Ian Paisley recall petition exonerated by electoral watchdog
THE outcome of the Ian Paisley recall petition would not have been any different if more venues had been opened for North Antrim constituents to sign it, the electoral watchdog has concluded.
The first recall petition in Westminster's history was opened weeks after Mr Paisley had been suspended from the House of Commons for an unprecedented 30 sitting days.
The DUP MP had failed to declare two 2013 luxury family holidays to Sri Lanka paid for by its government. Mr Paisley was also found to have carried out paid advocacy on behalf of the south Asia island's regime, writing to the then British Prime Minister David Cameron urging him not to support a UN investigation into human rights abuses in Sri Lanka.
The recall petition, which ran from August 8 for six weeks, was available to sign at three venues in Mr Paisley's North Antrim constituency, as well as by post.
The shamed MP avoided contesting a by-election because only 7,099 people – 9.4 per cent of the registered electorate – signed the petition which needed 7,543 signatures to force Mr Paisley's resignation.
During the petition process and in the aftermath of September's result, the Electoral Office was criticised for operating just three voting centres when a maximum of 10 were permitted.
But in its report on the process, the Electoral Commission concluded that having more centres would not have affected the result.
The commission found overall that the petition was well run, with some lessons to be learned.
It identified a number of practical issues that it said would help voters, campaigners and administrators at any future petition, including whether a signing period of six weeks is appropriate and how electors could get more information on recall petitions.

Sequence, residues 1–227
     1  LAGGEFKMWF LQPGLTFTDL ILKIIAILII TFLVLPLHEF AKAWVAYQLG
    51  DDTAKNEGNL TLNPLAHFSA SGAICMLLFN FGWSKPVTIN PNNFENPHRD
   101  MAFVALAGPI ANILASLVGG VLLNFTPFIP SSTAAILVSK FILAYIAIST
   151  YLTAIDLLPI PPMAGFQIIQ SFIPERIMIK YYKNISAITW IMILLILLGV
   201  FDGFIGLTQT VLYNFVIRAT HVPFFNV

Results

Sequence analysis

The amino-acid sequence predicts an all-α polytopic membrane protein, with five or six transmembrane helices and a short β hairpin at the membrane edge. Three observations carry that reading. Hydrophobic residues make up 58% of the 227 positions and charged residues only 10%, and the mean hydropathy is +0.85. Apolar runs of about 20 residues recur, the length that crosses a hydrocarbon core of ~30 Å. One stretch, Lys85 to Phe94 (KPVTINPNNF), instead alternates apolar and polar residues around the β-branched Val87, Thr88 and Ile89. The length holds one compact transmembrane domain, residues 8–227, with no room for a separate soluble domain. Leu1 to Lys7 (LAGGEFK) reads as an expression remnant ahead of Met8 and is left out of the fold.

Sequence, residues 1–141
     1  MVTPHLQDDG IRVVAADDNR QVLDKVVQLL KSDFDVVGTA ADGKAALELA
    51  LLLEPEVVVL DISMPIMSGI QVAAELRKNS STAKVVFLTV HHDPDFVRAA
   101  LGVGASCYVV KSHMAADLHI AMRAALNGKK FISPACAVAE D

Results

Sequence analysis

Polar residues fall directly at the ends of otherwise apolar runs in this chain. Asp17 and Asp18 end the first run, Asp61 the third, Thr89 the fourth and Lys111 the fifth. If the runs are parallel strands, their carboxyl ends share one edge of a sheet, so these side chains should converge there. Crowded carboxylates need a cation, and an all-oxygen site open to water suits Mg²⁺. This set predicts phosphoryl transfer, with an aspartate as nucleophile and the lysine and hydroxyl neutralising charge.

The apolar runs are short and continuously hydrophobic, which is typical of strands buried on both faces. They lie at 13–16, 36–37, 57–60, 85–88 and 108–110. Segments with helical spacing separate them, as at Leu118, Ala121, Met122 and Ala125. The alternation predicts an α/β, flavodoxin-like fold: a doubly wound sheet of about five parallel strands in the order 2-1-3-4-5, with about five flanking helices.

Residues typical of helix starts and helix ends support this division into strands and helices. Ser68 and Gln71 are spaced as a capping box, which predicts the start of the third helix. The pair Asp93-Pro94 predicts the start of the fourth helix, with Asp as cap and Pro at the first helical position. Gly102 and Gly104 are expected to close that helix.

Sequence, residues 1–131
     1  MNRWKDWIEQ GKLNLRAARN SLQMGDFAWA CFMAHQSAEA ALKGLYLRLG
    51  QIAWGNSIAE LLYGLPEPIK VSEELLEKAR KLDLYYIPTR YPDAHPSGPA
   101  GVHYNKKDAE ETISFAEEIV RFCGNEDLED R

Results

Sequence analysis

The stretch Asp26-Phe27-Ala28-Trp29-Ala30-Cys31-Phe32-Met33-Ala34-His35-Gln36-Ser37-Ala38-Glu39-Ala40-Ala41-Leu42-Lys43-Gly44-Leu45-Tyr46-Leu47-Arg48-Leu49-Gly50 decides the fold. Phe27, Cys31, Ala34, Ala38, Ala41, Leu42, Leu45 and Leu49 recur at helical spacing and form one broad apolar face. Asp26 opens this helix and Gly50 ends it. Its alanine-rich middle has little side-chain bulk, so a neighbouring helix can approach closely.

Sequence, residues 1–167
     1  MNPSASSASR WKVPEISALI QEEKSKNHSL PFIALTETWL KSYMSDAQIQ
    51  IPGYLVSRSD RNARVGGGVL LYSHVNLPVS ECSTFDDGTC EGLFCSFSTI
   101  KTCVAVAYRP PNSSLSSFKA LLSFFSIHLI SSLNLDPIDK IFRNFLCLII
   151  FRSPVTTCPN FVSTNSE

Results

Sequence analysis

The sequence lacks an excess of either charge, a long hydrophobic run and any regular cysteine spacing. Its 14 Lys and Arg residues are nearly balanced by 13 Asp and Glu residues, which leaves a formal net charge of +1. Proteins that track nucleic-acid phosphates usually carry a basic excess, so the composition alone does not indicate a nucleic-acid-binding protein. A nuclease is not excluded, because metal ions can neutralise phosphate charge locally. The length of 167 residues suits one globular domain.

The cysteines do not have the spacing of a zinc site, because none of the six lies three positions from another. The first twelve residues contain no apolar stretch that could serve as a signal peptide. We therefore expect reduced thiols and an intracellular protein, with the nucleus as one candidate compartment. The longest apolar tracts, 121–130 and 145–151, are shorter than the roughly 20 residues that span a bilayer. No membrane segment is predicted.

Total spending by Sinn Féin and Alliance, the two registered campaigners, was £4,178.
But Sinn Féin North Antrim MLA Philip McGuigan said the watchdog's report "defies all logic and the evidence on the ground".
He said the Electoral Office should have opened more venues.
"The lack of an effective public awareness campaign and worker-friendly opening hours were also major concerns that the Electoral Commission have not satisfactorily addressed," he said.
"At the time of the petition, a number of political parties reported that members of the public were reluctant to attend the signing centres because their reasons for being there would have been easily identified – did the Electoral Commission actually speak to any of those people or did they simply talk to those who had carried out the petition and who were hardly likely to criticise their own work?"
Mr McGuigan said the Electoral Commission had "glossed over" many serious concerns.
Last month, Ulster Unionist leader Robin Swann told The Irish News that having just three venues across an expansive, rural constituency discouraged people from signing the petition.